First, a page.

John F Kennedy, who was assassinated fifty years ago this November, remains the great mythic hero for the postwar American Left. Lyndon Baines Johnson’s contributions to civil rights and the war on poverty were blighted by the Vietnam War; Jimmy Carter failed even to secure re-election; Bill Clinton’s presidency was undermined by a small-c conservatism and an all-too-unpresidential private life. Kennedy’s repu-tation, however, remains untarnished by either time or evidence, petrified in amber by the tragedy of his untimely death. Although Obama’s presidential campaigning has been most consciously Lincolnian in its language and symbolism, it is against Kennedy that he has most consistently been measured, not least because they are two of the most powerful orators to have occupied the White House in recent years.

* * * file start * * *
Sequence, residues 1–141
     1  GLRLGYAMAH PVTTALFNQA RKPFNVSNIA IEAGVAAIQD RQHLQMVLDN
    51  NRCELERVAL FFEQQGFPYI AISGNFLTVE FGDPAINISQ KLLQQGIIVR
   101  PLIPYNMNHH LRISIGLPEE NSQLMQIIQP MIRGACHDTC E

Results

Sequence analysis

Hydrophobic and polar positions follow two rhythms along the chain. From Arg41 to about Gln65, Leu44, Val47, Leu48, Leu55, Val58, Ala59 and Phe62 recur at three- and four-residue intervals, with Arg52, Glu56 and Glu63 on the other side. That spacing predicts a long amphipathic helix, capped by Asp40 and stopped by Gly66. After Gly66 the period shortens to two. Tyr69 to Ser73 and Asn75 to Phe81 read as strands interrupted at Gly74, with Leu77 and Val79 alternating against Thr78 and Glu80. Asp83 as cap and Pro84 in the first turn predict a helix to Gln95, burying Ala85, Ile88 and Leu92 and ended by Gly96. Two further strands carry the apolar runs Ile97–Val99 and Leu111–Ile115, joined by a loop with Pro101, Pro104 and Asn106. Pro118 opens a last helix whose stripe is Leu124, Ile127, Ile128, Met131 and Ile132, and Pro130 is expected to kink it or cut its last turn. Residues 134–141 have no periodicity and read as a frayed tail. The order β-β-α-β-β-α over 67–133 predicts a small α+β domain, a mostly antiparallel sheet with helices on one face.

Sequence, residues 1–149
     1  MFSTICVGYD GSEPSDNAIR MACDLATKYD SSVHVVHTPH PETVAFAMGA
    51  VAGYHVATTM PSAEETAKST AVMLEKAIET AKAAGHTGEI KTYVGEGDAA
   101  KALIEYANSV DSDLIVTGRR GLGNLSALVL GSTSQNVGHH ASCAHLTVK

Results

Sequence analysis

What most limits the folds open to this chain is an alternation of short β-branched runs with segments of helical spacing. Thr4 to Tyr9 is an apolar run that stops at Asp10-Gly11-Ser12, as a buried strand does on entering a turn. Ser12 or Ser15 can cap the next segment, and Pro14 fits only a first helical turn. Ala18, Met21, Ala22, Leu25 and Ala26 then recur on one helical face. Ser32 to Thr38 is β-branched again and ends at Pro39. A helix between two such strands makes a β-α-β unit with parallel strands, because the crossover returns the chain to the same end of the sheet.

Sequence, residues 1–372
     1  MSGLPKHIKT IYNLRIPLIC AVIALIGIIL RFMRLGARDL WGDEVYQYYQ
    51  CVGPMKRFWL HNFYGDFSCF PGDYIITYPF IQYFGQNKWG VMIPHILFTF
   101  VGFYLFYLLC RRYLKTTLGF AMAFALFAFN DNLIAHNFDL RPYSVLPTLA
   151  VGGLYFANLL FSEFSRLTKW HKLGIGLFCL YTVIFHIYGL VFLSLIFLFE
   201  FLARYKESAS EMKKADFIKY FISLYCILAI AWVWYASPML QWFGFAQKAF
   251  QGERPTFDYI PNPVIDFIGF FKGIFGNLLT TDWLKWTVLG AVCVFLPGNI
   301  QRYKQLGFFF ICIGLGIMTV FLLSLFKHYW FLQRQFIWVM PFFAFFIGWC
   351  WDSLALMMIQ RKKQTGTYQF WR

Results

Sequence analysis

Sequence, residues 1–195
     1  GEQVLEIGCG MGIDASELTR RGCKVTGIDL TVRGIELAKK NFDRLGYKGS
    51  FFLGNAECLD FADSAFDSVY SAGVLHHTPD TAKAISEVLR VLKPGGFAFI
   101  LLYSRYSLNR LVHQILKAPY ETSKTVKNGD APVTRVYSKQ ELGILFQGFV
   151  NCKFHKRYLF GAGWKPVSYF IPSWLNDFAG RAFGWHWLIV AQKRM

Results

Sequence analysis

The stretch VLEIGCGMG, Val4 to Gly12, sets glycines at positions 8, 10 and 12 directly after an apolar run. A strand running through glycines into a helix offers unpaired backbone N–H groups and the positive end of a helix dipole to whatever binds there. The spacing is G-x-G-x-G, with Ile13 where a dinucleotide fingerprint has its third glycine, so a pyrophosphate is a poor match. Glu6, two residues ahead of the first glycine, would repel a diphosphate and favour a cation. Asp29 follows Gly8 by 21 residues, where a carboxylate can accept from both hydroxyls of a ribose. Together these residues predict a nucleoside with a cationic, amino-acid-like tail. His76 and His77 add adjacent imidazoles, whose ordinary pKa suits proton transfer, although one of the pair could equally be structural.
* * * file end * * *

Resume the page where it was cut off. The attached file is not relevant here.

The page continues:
While Kennedy’s presidency was by no means a failure, much of his elevated reputation is based on a vision of promise cut short rather than an actual record of delivery. The Kennedy fan club, among whom the authors of these two new books are swivel-eyed members, argues that his early